As mentioned in the previous blog the Primitive Initiative® is a movement oriented training model based on 14 fundamental movement patterns arranged in a specific sequence to maximize results. It combines biomechanical training with energy system sequencing to provide real life fitness for real life movements. This can be an “end all be all” program or can be supplemented into current training programs. Because this is a real life program it is specific to each person. If someone likes to do bodybuilding, power lifting, distance running etc. many of these movement patterns can still be implemented in each person’s training regimen for better results and less injuries.
So let’s get started……..what is “Biomechanical Training”? Well, that’s just a fancy way of me saying human movement training. I have identified 14 human movement patterns that are common throughout life. As young children we incorporate many of these as we learn to move and play. As we become older we either begin to become sedentary or very specific in the nature of our training. In either situation, we start to lose or neglect certain movement patterns. This gets worse and worse as we go through our life. The biomechanical training is designed to help reestablish the mobility and movement of the early years in our life.
Here are the 14 movement patterns that I have grouped into 3 categories:
- Throwing/Catching: To propel an object through the air from a limb and then to grasp and hold onto an object as it propels back to the body.
- Picking up: Bringing an object up off of the ground and then bringing it back to the ground.
- Pushing- To press against an object with force in order to drive or impel in the direction of the force.
- Pulling- To exert force upon an object so as to cause or tend to cause motion toward the force.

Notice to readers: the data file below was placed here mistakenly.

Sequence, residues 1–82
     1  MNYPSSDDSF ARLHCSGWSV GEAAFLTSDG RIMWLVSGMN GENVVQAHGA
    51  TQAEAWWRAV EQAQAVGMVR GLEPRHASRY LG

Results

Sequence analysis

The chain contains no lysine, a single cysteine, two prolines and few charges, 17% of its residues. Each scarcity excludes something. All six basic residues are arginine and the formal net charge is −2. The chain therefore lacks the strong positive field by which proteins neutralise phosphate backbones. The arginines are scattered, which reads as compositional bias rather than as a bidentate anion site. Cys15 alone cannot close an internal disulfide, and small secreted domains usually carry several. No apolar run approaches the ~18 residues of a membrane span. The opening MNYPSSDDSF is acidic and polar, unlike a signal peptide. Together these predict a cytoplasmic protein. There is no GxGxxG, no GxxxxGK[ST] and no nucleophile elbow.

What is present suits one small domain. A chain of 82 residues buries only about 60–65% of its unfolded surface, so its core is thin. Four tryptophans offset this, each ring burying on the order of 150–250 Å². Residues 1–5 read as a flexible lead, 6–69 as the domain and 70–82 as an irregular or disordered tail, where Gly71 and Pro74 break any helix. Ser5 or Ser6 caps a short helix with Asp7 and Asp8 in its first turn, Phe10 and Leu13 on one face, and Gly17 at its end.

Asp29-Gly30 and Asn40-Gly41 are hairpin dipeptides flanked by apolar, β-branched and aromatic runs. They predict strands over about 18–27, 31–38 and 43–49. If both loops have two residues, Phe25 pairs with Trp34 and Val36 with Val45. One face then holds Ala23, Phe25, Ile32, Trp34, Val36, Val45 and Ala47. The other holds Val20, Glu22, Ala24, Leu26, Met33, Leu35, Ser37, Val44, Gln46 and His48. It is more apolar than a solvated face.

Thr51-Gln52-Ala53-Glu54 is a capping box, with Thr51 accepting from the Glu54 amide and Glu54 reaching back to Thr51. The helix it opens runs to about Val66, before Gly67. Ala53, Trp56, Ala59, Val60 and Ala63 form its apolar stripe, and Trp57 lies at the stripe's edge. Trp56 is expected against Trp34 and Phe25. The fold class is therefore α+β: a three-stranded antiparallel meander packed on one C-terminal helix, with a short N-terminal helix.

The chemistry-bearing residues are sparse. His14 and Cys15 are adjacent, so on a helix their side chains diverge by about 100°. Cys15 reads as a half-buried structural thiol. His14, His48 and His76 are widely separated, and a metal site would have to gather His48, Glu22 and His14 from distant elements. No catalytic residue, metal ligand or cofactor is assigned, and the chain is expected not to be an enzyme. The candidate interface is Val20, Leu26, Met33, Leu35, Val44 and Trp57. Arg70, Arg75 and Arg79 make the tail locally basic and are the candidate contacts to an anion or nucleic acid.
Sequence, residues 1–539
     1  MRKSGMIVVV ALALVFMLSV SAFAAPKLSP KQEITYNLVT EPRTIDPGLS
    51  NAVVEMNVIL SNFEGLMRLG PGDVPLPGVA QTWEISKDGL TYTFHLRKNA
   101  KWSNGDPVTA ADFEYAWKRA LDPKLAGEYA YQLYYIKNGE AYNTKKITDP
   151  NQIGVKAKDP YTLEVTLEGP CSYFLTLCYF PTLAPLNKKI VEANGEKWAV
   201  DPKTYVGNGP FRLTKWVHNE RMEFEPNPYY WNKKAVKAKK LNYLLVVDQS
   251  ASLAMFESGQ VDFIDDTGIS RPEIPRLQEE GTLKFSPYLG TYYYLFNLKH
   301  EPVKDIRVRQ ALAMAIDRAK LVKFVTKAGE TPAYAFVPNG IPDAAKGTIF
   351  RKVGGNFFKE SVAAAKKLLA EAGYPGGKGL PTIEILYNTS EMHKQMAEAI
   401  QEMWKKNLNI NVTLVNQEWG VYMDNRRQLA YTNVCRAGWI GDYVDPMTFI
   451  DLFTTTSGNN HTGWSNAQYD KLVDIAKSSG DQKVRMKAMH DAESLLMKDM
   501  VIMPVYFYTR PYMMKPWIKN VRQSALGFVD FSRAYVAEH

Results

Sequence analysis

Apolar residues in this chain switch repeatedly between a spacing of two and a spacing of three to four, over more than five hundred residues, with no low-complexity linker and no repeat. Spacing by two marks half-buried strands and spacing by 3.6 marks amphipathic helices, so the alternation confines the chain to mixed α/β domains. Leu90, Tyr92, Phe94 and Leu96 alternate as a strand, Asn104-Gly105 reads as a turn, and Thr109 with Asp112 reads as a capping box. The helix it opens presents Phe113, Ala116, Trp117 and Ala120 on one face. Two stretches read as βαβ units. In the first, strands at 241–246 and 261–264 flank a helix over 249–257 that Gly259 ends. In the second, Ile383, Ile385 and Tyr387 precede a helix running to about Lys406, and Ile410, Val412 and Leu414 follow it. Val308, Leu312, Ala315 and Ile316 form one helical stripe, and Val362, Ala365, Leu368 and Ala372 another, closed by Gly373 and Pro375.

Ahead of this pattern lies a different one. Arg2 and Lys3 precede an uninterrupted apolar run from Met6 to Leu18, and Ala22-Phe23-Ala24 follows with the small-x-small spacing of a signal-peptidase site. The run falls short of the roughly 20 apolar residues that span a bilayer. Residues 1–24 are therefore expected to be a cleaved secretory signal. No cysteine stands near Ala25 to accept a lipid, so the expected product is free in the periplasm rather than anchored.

- Chopping- To make a quick stroke or repeated stroke in an arcing motion.
- Carrying- To move an object through a distance while supporting it.
- Reaching- ability to touch, pick up, or grab by moving, stretching, or extending limbs.
- Jumping/Landing: To spring into the air and then absorbing impact as the body is brought back to the surface.
- Getting up: Bringing the body up off of the ground from a laying position to an upright position.
- Crawling: To advance in a prone or supine position where hands and feet are in contact with the ground.
- Climbing: Moving suspended from the ground with gradual continued process.
- Crouching: To lower the body stance while bending at the legs.
- Transit: An act of passing through or over terrain.
- Dynamic Methods- Activities that are fluid, connected, and skilled in their patterns. (Ok, I will admit this my catch all category for those movements that were hard for me to classify. Things like dancing, tumbling and fighting will fall in this category)
Some of these are self-explanatory, some are not. I will use future posts to further explore each movement and how to progress people through the movements. Much like any program design, progression is key. After all, if people have come to a point where they have not done a certain movement pattern since their childhood they are just as likely to injure themselves in a gym setting doing it as they would in a real life setting. That is why they need to be progressed. This we will leave for later, but for now, try to absorb the movements and look at your own programs to see what they might be missing. Next week I will discuss another fancy word: Energy System Sequencing.